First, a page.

Signal: We can't include a backdoor in our app for the Australian government

The Signal app's design and open source code policy makes this impossible.
Written by Catalin Cimpanu, Contributor

Signal, the instant messaging app that made end-to-end encryption apps cool, said in a statement yesterday that it "can't include a backdoor" in its product at the behest of the Australian government.

The Signal team went on record after the Australian elite passed the Assistance and Access Bill (AAB) last week, a law that allows the Aussie government to demand the introduction of secret surveillance capabilities in the source code of online services. [Everything you need to know about the AAB]

"The end-to-end encrypted contents of every message and voice/video call are protected by keys that are entirely inaccessible to us," said Signal developer Joshua Lund in a blog post yesterday.

The AAB also allows the Australian government to put a gag on companies that the government approaches with orders to backdoor its product. Lund's comments also address the issue, pointing out that backdooring Signal is near impossible.

"Everything we do is open source and anyone is free to verify or examine the code for each release," Lund said. "We can't include a backdoor in Signal."

Lund and the Signal team both expect any interaction with the Australian government to end up in a stalemate where the app is blocked inside the country.

"Although we can't include a backdoor in Signal, the Australian government could attempt to block the service or restrict access to the app itself," the developer said. "Historically, this strategy hasn't worked very well."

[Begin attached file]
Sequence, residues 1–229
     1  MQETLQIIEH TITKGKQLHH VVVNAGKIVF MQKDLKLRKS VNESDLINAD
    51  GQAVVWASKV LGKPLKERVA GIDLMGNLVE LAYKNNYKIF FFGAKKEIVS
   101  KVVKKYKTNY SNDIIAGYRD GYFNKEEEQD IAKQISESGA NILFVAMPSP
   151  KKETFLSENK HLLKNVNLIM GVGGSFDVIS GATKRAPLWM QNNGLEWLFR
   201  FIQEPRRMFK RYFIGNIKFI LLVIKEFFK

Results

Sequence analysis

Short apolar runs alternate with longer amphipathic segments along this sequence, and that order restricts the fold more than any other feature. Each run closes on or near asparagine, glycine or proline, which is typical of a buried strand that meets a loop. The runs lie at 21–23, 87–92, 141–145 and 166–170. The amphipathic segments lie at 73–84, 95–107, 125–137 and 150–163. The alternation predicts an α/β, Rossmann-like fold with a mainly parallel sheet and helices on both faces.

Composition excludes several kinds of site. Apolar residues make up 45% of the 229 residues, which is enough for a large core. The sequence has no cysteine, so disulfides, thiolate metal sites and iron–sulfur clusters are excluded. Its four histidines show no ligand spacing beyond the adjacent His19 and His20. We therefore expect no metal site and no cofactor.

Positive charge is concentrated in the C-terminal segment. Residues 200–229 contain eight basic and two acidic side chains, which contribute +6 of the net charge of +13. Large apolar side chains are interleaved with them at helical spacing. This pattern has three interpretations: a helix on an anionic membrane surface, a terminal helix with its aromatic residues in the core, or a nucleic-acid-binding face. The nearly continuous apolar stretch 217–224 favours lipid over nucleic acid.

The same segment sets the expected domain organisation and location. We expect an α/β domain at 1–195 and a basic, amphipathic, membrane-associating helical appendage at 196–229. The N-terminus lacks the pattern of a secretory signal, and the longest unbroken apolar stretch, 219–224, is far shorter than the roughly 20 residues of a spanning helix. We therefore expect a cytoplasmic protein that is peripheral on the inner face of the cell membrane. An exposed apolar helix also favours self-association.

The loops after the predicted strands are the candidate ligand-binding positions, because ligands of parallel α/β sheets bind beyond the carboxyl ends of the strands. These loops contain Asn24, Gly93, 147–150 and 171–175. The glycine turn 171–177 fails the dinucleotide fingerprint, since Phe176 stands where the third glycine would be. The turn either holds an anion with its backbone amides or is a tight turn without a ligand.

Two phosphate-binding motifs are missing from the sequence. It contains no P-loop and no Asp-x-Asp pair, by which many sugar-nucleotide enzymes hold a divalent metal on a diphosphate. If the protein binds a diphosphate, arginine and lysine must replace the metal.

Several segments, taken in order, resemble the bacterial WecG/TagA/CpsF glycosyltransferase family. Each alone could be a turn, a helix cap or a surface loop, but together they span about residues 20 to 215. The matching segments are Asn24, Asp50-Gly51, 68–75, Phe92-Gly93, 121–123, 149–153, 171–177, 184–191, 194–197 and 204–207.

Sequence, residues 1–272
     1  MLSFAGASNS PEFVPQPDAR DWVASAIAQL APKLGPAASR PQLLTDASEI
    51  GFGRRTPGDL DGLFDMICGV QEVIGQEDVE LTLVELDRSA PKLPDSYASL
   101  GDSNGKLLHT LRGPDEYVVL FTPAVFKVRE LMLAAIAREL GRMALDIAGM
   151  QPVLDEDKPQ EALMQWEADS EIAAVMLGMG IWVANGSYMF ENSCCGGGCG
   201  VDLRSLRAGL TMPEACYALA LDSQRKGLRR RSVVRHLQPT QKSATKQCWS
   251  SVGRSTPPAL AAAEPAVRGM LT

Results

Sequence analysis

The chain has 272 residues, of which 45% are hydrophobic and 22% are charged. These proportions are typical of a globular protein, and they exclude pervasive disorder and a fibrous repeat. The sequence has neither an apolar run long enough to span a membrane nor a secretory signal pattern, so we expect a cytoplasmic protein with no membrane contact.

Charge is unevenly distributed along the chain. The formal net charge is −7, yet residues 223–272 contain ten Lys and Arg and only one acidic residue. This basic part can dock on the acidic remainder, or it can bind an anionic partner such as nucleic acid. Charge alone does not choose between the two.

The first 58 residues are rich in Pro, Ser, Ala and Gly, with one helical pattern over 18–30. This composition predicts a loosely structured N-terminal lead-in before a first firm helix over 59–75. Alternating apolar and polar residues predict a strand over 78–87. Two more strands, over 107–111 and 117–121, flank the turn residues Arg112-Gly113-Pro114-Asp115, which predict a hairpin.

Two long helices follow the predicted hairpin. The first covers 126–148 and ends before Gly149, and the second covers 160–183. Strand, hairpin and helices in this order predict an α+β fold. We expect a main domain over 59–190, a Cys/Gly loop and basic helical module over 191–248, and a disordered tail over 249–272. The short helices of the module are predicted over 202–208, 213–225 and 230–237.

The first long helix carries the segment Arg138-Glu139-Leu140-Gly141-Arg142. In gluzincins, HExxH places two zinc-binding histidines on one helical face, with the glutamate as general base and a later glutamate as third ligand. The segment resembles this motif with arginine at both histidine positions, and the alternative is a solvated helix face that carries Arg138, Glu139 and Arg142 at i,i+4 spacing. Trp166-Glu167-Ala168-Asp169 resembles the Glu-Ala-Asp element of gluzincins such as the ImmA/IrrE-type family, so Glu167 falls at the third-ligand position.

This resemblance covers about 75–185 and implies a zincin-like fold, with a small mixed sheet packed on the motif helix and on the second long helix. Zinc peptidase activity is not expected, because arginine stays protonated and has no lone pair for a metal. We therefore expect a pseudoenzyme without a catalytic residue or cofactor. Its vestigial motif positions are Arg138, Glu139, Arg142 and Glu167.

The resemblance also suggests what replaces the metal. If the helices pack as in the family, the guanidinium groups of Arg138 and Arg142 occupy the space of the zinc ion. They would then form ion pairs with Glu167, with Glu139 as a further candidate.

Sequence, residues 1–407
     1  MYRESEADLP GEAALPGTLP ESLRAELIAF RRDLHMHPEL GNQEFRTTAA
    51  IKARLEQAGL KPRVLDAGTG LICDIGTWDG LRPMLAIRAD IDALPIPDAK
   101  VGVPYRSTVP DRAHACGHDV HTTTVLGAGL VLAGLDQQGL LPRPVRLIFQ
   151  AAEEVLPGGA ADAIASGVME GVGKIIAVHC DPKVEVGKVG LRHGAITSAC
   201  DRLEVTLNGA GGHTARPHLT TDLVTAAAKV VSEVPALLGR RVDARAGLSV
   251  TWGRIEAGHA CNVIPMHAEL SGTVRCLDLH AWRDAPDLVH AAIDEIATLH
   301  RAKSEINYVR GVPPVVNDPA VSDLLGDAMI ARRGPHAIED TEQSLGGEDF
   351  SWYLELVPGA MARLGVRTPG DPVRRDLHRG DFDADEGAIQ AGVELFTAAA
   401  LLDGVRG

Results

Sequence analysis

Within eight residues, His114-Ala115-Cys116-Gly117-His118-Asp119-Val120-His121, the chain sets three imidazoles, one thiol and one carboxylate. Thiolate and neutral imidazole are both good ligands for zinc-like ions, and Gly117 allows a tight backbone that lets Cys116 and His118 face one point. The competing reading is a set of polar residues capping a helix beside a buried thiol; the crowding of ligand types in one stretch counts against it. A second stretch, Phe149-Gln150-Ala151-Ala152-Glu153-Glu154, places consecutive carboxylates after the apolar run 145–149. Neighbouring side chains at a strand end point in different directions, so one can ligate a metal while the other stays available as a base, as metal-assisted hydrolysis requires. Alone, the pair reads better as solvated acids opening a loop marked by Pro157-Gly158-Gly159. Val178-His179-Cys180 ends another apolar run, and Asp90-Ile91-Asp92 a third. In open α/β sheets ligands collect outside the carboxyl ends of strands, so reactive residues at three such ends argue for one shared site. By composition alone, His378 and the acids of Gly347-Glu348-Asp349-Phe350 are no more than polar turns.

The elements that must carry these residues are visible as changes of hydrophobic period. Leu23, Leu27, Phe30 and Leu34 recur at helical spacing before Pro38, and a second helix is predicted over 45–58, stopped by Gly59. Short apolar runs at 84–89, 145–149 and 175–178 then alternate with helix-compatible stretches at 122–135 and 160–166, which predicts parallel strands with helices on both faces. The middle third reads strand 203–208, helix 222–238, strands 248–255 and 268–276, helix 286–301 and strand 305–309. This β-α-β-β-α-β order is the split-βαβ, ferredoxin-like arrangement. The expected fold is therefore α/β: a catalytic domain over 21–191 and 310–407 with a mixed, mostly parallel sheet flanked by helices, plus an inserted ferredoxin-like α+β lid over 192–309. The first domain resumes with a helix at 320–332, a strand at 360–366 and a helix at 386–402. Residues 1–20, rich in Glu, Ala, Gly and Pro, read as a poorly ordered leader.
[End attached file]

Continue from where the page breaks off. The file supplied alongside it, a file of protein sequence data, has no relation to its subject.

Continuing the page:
The Signal developer said users would usually use VPN services to hide their web traffic from government-mandated web filters, and any attempts to restrict the app wouldn't do the government any good.

Lund also doesn't fear the Australian government putting pressure on other companies to blackball Signal.

"If a country decided to apply pressure on Apple or Google to remove certain apps from their stores, switching to a different region is extremely trivial on both Android and iOS," he said. "Popular apps are widely mirrored across the internet. Some of them can even be downloaded directly from their official website."

Signal's stance against the Australian's government law came after a conglomerate of the world's largest tech companies put out a similar statement decrying the AAB's adoption.

The group, named "Reform Government Surveillance," was set up in the early 2010s to fight against the US government's PRISM program, and its members include some of the biggest names in tech, such as Apple, Evernote, Dropbox, Facebook, Google, LinkedIn, Microsoft, Oath, Snapchat, and Twitter.

"The new Australian law is deeply flawed, overly broad, and lacking in adequate independent oversight over the new authorities," the group said in a press release last week. "RGS urges the Australian Parliament to promptly address these flaws when it reconvenes."

But despite complaints from tech companies, experts don't see the Australian government backing down from the AAB. Instead, they see other governments part of the Five Eyes intelligence group abusing AAB provisions to funnel backdoor requests to online services via the Australian government.

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